Renée Van Vechten (Ph.D., UCI) specializes in teaching and researching U.S. and California politics, with a focus on legislative processes. Her research also embraces the Scholarship of Teaching and Learning. She has participated in APSA's Teaching and Learning conference as a track moderator and paper presenter since 2008, is the immediate past president of the Political Science Education (PSE) organized section of APSA. In 2008 she was awarded the Rowman and Littlefield Award for Innovative Teaching in Political Science for a simulation she developed to teach Congressional processes. Her short text, California Politics: A Primer, is going into its fourth edition (CQ Press, 2016), and is based on a more comprehensive, forthcoming textbook (The Logic of California Politics). She has also developed collaborative websites designed to engage students in discussions about U.S. politics. Prior to joining the faculty at the University of Redlands (2003), she was a teaching fellow at the University of San Diego, and before that was a Kevin Starr Fellow in California Studies.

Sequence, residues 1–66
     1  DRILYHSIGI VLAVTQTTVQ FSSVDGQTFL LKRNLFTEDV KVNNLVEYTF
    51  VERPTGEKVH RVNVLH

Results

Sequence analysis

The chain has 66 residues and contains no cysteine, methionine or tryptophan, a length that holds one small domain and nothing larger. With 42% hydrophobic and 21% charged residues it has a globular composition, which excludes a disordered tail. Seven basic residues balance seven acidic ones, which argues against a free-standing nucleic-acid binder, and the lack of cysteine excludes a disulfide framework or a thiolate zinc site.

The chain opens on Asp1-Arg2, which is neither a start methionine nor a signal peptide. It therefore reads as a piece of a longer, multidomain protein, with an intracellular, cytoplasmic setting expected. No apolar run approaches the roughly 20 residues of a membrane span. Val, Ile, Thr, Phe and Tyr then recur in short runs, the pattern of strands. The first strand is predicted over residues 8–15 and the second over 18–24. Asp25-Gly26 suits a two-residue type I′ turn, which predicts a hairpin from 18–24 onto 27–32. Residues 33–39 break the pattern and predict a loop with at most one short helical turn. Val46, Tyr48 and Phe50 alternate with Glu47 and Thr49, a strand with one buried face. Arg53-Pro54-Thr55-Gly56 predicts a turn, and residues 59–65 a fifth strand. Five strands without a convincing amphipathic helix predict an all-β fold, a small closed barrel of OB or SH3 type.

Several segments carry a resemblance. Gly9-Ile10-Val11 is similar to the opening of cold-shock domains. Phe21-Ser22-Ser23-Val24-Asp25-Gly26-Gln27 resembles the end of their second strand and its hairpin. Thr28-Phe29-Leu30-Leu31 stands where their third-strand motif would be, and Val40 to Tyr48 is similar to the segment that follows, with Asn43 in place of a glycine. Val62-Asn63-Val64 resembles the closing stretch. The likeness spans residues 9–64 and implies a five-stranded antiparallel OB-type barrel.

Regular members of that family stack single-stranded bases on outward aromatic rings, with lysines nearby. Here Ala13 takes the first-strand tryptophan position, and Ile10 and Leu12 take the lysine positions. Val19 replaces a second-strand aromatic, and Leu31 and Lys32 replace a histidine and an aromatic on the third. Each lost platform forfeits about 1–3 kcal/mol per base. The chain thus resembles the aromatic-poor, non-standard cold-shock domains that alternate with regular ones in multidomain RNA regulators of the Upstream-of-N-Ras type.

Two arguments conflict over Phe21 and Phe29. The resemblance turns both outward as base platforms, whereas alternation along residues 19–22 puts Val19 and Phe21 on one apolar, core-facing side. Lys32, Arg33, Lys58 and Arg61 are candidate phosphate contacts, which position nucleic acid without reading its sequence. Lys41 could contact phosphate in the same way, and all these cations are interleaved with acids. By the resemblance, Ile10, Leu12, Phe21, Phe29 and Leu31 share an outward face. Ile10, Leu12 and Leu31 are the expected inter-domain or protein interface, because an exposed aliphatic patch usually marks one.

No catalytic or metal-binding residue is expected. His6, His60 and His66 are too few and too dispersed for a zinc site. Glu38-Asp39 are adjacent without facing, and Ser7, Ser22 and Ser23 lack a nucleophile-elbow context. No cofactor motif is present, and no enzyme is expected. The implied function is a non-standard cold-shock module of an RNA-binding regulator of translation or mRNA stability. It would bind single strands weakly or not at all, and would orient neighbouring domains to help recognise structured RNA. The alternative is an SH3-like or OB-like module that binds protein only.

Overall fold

For the past four semesters, I have made a conscious effort to move drier, unidirectional information onto lecture videos to improve the interactivity levels in my classes, and have found the “flipped classroom” approach to be highly effective. Most of my students “love” it and I find that I have more time to devote to more interesting activities in the face-to-face setting. I’ve been surprised at how much more the students pay attention to what’s in the videos, as they tend not to listen as closely in class – and many students don’t take notes. Having taught introductory courses for about 15 years, and having assessed them at different points in time and in different ways (including surveys about their use of the technology), I am convinced that moving more content strategically and purposefully is highly beneficial for student learning. In Fall 2015 I began to record some of my lectures for POLI 111 so that I could “free up” more classroom time for discussion and activities. (Note that these videos were quite long and I continue to use them – but I would like to rework them in this iteration.) I continued that effort into Spring 2016, and continued to make more videos in Fall 2016. In Spring 2017 I expanded my POLI 111 lecture video library considerably, thanks to an aTUG grant. Student responses to the lecture videos continue to be overwhelmingly positive. Undergraduates of all class levels report positive experiences in the surveys that I have given them (Fall 2016 and Fall 2017). They appreciate having the ability to backtrack if they have missed anything, take notes at their leisure, access the material when they want, and review materials prior to exams. Because (with practice) I’ve become more effective at presenting and capturing information efficiently, they find the videos highly informative and useful overall. During Spring 2017 (through May 2017) I figured out how to integrate quizzes into my lecture videos through EdPuzzle, a stand-alone software platform. I devised quiz questions and planted them within lecture videos with the intent to deploy them in Fall 2017 (I did not teach a section of POLI 111 in Spring 2017). The integration in Fall 2017 has been somewhat bumpy, as I set up my course with EdPuzzle as the key location for my videos/quizzes, but U of R I.T. integrated a new feature in Moodle, Kaltura, making EdPuzzle obsolete. Gary Johnson (with support from Cheyne Murray and the IT intern) have graciously assisted with converting these videos for use in Moodle. I have been embedding them but the transition has not been perfectly seamless, as sometimes the quizzes work for some students, but not for others, and most (but not all) videos in Moodle now feature quizzes. The result has been that my students are accessing either EdPuzzle OR Moodle for the videos – whatever they can use to make it work. Now that Kaltura is a bona fide feature of Moodle, I intend to complete the transition to lecture videos by (a) ensuring that the quizzes actually work in Moodle and are integrated with my Moodle gradebook, and (b) expanding my lecture video library for two classes, POLI 111 and POLI 207. My goal is to fully transition to a “flipped” classroom for POLI 111, and continue moving content for POLI 207.